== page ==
Jacques: Feds highlight more flaws at MSU
Only weeks after interim Michigan State University President John Engler was forced to leave by a disgruntled Board of Trustees, a new report has created more turmoil for the university.
A report from the U.S. Department of Education, sent to Engler in December but made public last week, outlines a damning pattern of administrators mishandling reports of abuse, in addition to other instances of the university failing to alert the campus of criminal activity.
Those are violations of the university’s obligations under the Clery Act, which requires universities that receive federal funding to disclose crimes on or near campus through reports or warnings.
Investigators began scrutinizing MSU last year, following the trial of Larry Nassar, the sports doctor who had abused hundreds of young women and girls over two decades -- while employed by the university.
When universities are found out of compliance with the federal Clery Act, they risk fines, as well as their student aid funding. For MSU, that’s roughly $424 million in federal student grants and loans each year. More than half of MSU’s 50,000 students receive some form of federal aid, according to the report.
The report documents several areas of “serious noncompliance,” so the impact for the university could be significant.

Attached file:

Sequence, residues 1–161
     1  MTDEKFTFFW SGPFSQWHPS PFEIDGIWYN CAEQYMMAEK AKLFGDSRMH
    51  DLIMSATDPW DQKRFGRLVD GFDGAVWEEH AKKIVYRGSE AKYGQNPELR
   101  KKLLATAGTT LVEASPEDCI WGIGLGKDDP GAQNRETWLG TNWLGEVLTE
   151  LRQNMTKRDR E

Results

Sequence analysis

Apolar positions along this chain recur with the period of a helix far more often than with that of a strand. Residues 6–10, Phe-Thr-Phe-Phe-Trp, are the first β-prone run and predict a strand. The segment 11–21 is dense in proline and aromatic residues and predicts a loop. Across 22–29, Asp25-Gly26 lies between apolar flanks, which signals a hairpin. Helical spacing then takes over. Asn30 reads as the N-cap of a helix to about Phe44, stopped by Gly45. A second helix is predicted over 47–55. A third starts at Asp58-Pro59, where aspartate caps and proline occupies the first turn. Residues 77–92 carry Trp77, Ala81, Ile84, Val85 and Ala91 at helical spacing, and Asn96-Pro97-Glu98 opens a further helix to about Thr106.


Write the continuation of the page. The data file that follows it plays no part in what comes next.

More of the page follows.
It detailed 11 incidents -- calling them a “representative sample” -- of complaints against Nassar going back to 1997 that MSU didn’t report correctly.
The report states: "These violations date back to at least 1997, and involve victims, many of whom were minors at the time of the abuse, who reported these incidents to trusted adults, including coaches and athletic trainers."
In addition, the report lists 21 instances dating from 2011-16 of MSU’s failure to warn students and staff about others crimes in a timely fashion. Most of these were burglaries or robberies.
Michigan State has responded by saying it will work to address these shortfalls. In his year in office, Engler focused on putting a framework in place that would prevent someone like Nassar from ever getting away with abuse for so long.
It’s maddening to see how so many reports of Nassar’s predatory behavior got ignored or lost in the bureaucracy. He could have been stopped much sooner.
Education Secretary Betsy DeVos promised a year ago she would hold MSU accountable for its actions, and she has followed through with several investigations, including this one.
As the report notes, there’s no way to truly “correct” such violations once they’ve occurred. The harm done cannot be erased.
Going forward, MSU still has a lot of work to do to address these concerns -- and rebuild trust on campus.